Private prosecutions - the inside danger?

Why is the conviction of Paul Asplin, former CEO of legal insurance provider DAS, so important?

On Friday 13th July DAS successfully convicted its former CEO Paul Asplin and its former claims director, David Kearns, for conspiracy to defraud by using their influence in DAS to redirect business from DAS to a company  they had established, Med Report.  The Judge commented that the losses to DAS were "closer to £4 million".

The case demonstrates once again that threats to businesses frequently occur  internally.  Good anti-bribery and corruption and anti-tax evasion policies and procedures are crucial to pick up such internal threats.  Furthermore they provide additional security to businesses themselves whose only defence to key Bribery Act offences is that "reasonable procedures were in place".

To drive the point home Morrisons was found vicariously liable to its customers for the theft of data by their former IT manager.  An appeal against that ruling is due to be  heard in October.

The DAS ccase is also another example of the Police being reluctant to prosecute cases involving frauds relating to businesses.  The Financial Times recently revealed that the number of reported fraud offences have risen from 142,991 in 2011 to 641,539 in 2016. However,  in the same period white collar crime prosecutions fell 26% below the number prosecuted in 2011. It has been reported that the Police are currently short of 4,000 detectives.  These figures are no doubt part of the story behind this reluctance  as the Police need to  regard risk to life threats as their priority.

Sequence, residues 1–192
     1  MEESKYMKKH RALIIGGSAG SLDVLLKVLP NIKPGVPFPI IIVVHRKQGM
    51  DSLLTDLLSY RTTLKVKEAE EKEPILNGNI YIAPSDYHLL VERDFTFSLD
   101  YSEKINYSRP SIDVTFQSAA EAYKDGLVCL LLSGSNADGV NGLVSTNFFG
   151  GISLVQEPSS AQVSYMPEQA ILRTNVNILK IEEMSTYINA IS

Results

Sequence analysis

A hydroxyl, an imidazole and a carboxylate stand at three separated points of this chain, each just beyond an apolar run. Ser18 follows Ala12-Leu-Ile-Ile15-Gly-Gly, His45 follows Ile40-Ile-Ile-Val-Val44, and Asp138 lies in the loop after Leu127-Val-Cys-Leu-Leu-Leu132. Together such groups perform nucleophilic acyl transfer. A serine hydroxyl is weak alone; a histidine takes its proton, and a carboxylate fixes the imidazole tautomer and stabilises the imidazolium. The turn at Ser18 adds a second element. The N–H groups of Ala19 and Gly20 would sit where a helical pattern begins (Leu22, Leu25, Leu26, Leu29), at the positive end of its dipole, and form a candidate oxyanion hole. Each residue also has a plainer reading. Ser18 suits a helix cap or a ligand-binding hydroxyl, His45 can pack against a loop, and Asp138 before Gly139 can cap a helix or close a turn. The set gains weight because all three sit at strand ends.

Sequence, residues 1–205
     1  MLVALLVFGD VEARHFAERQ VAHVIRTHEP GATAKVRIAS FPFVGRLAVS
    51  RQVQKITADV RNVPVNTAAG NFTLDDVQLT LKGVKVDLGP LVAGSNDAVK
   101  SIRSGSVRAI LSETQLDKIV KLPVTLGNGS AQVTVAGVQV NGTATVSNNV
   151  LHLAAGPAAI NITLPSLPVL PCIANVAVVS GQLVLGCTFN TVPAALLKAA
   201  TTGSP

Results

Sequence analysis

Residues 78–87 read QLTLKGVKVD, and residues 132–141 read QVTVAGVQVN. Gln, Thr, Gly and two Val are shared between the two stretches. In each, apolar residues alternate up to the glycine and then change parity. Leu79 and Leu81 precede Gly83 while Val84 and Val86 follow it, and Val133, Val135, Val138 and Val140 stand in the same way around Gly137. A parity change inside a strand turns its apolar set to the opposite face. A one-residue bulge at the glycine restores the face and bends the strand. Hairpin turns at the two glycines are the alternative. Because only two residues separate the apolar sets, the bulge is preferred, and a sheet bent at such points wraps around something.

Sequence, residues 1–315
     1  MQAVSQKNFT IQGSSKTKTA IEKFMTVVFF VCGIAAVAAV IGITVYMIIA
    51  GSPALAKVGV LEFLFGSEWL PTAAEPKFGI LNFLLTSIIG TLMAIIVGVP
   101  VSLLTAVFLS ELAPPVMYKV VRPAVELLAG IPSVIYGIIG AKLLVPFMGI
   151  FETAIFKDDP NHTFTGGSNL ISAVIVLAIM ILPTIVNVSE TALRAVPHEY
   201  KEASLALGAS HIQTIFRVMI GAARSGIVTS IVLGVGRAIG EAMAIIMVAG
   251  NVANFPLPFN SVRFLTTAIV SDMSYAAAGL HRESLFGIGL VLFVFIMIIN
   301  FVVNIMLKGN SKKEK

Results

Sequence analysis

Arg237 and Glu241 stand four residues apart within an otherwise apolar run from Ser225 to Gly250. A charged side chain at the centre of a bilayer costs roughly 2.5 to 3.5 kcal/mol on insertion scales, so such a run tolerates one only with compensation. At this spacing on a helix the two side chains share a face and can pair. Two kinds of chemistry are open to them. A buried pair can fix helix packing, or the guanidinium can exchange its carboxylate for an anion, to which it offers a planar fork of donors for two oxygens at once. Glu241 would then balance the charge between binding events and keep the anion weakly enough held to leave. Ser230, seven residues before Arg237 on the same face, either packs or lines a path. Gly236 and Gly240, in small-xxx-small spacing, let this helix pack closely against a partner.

Private prosecutions give businesses the ability to redress this trend.  Central Government funds are available for private prosecutors who can be reimbursed for their fees, win or lose, provided there is sufficient evidence, the prosecution is in the public interest and the fees charged are reasonable. This is a very attractive proposition compared to civil proceedings where there are Court fees and difficulties in getting the other side to fund costs.

Asplin was sentenced to seven years imprisonment and disqualified as a company director for 12 years. David Kearns, former DAS Claims Director, was sentenced to four years and three months imprisonment and was disqualified from serving as a company director for eight years. Asplin's ex-wife, Sally Jones,  was also convicted and received three years  and nine months imprisonment and was disqualified for eight years.

This is a great victory for DAS.

Although Ashfords' private prosecutions team were not involved in this case they are experienced prosecutors having brought 500 prosecutions in the past 3 years, including for central government.

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